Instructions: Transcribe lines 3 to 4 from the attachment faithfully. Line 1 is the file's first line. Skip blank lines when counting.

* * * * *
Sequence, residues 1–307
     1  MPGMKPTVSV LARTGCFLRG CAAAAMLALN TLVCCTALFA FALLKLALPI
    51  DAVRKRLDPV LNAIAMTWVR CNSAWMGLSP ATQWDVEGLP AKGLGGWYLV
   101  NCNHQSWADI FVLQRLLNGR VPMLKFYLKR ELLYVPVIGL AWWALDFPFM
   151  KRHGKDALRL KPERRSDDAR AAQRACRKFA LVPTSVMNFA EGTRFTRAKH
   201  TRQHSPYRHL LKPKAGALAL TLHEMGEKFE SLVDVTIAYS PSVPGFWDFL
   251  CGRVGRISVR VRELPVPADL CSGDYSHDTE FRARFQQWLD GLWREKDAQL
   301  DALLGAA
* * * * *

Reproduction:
    51  DAVRKRLDPV LNAIAMTWVR CNSAWMGLSP ATQWDVEGLP AKGLGGWYLV
   101  NCNHQSWADI FVLQRLLNGR VPMLKFYLKR ELLYVPVIGL AWWALDFPFM